Vietnam’s path to full national sovereignty and self-determination was longer and more arduous than that of many other nations that emerged out of the colonial revolutions of the last century,ist road to freedom, now legendary ,made it a global symbol that raised global support.
The founding, some 25 years ago of the Austria Vietnam Society was another proof of the strong feelings of solidarity and sympathy so widely felt in many parts of Europe in some of the most difficult days of the Vietnamese people, whose spirit of sacrifice and self-abnegation was without comparison.
Let me say in passing that it would of course be wrong to assume that the history of Austrian-Vietnamese relations has started only 30 years ago,when the first great movements of solidarity with Vietnam swept the streets of Europe.
The fascination this unsual country with ist most unusual history
Has exerted on so many hearts and minds has also attracted some notable Austrians.Let me just quote here ,perhaps from the opposite parts of the spectrum, the names of Ernst Frey and Josef Buttinger.One of them Ernst Frey, under the name of Nguyen Dan, was a fighter in Ho Chi Minh’s armies while the other , an Austrian Social Democrat who found exile in the United States,offered thoughtful contributions to the American debate on the real nature of Vietnam.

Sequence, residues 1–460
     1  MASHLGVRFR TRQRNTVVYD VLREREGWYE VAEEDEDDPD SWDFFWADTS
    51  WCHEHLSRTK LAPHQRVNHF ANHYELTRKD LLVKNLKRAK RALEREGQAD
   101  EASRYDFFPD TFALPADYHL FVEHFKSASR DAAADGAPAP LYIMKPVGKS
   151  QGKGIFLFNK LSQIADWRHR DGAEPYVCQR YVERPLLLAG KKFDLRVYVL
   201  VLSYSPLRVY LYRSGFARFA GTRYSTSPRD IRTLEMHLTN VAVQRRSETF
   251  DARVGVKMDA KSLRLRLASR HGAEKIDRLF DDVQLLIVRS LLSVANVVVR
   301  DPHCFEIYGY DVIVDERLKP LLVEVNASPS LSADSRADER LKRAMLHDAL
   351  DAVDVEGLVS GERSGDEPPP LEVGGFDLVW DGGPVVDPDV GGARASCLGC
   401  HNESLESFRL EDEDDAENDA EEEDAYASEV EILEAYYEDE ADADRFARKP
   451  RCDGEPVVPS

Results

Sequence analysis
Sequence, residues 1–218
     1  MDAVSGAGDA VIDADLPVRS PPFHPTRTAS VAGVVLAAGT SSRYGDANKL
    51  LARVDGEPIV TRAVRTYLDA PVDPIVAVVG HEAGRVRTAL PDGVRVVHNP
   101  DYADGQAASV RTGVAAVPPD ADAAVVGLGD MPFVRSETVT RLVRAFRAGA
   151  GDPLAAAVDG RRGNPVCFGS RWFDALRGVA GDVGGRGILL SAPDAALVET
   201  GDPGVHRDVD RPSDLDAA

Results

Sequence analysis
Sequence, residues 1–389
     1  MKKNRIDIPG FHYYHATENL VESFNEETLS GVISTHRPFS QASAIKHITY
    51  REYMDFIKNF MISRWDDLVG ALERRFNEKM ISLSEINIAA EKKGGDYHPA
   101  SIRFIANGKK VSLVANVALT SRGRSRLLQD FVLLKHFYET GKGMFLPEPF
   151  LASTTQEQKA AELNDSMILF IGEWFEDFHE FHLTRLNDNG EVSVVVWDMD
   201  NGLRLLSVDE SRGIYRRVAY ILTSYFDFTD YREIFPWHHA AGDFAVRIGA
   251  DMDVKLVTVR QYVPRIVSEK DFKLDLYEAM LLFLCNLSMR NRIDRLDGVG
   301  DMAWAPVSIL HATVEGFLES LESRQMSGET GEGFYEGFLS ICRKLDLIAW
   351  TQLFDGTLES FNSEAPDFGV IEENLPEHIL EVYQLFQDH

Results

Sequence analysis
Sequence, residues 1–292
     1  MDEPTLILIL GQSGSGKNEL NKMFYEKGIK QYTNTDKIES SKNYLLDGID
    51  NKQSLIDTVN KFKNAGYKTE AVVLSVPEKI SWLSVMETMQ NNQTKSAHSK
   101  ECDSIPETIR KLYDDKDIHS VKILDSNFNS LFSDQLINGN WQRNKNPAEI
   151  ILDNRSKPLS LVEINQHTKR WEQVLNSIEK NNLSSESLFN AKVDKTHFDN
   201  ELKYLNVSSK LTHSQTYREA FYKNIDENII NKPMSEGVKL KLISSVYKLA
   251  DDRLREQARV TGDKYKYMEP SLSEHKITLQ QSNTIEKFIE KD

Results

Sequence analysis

In the last 30 years Vietnam has become a country greatly changed and still changing rapidly as our friend Werner Clement will tell us shorty in much more detail.
Today Vietnam, for the first time in ist long and tourmented historty can live in peace withitself and with ist neighbours.The years of peace have liberated the immense talents and energies of ist people that now occupies a respected and important central place among the peoples of South East Asia.
The delegation of our Society that I had the honour to lead to Hanoi ,HCMC and many other places in the North ,the Centre and the South of Viet Nam